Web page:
March 3, 2021
VIA EMAIL: (Anthony.Monaco@tufts.edu)
Dr. Anthony P. Monaco, M.D., Ph.D.
Office of the President
Ballou Hall, 2nd Floor
Medford, Massachusetts 02155
Dear President Monaco,
We write to you on behalf of the StandWithUs Saidoff Legal Department and the StandWithUs Center for Combating Antisemitism, divisions of StandWithUs, an international, non-profit Israel education organization. We are relieved to learn that Students for Justice in Palestine (SJP)-affiliated students withdrew their baseless complaint against Max Price, a third-year student who stood up to antisemitism by opposing language in SJP’s bigoted and misinformed “Deadly Exchange” referendum. We write to you today with suggestions in case such incidents occur again at Tufts.
When student leaders overstep their mission and violate campus policies in the name of student government autonomy, campus administrators must have protocols in place to prevent such abuse and restore an equitable campus environment. Absent administrative measures designed to protect students from this harm, student leaders may misuse their authority in campaigns designed to silence, intimidate, and retaliate against those with differing viewpoints. Such unchecked student government authority unfortunately gives the appearance—intentionally or not—that the university approves the abusive conduct because the student government acts as an extension of the university itself. We therefore encourage you to enact a new administrative policy that enables your administration to review student government actions should their actions violate university policies.
For instance, Williams College, a peer institution of Tufts, had administrative protocols in place designed to upend student government abuse when it occurred there in 2019. In that case, the student council denied formal student organizational recognition to a pro-Israel student group despite their meeting all council requirements. This student government action constituted flagrant violations of the student council’s authority to recognize student groups, the university’s non-discrimination statement, and the university’s student code of conduct. This situation, much like Mr. Price’s scheduled student government hearing, was decidedly a student matter. It was also antisemitism perpetrated by a student government and harming other students through discriminatory conduct. Thus, Williams College administration looked for school policy that granted them authority to correct the injustice. The administration stepped in and corrected the violations of university policy: they reversed their student leaders’ discriminatory action and officially recognized the club through powers provided to the administration in school policy.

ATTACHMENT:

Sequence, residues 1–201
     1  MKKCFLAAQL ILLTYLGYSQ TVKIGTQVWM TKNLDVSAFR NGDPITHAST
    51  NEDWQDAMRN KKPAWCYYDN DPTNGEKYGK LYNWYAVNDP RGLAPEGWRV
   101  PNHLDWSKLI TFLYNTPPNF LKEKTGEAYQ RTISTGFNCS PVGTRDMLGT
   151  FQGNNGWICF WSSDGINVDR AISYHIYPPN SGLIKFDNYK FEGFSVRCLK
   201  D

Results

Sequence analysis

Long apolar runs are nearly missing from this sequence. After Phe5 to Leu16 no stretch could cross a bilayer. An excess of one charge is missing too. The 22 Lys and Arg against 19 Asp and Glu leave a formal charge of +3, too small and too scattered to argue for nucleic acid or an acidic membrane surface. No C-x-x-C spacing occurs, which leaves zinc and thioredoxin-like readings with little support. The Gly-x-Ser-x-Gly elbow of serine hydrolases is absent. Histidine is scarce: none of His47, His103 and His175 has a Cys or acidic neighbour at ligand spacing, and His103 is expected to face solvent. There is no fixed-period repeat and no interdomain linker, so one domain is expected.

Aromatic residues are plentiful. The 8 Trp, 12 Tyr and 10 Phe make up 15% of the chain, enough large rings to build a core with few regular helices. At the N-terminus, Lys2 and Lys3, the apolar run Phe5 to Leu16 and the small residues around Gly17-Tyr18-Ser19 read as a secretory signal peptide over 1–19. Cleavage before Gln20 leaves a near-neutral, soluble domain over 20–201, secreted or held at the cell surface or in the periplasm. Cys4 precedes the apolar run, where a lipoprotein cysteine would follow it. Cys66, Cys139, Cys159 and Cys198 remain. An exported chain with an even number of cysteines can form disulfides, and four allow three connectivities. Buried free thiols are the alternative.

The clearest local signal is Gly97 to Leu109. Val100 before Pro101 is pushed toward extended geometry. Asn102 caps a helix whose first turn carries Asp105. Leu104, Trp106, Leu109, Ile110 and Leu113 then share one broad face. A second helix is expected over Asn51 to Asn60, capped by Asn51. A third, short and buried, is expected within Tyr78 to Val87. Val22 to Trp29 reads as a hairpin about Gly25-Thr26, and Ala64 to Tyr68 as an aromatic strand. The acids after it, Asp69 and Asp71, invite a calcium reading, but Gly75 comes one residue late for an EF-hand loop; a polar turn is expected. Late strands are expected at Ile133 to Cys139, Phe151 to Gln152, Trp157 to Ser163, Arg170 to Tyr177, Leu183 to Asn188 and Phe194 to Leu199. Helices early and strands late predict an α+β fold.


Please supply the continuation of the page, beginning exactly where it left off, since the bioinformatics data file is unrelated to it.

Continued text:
The Williams College administration’s willingness to step in to rectify the situation when the student government proved itself incapable of self-regulating its own discriminatory agenda indicates the importance of administrative action when self-governance runs amok in violation of school policies.
Considering Mr. Price’s ongoing situation and the threat of future harm to Jewish, Israeli, and Zionist students on your campus, we urge your administration to take action against this surge of antisemitism. We suggest you enact protocols allowing the administration to act when student government violates university policies through discrimination and bigotry. Doing so will send a strong message that no one individual or group is above following school policies, and that discrimination and harassment have no place at Tufts University.
Thank you for your continued attention to this important matter. We are happy to help in drafting such policy or in any other way that may be helpful. We look forward to your response.
CEO & Co-Founder
StandWithUs Center for Combating Antisemitism
StandWithUs Saidoff Legal Department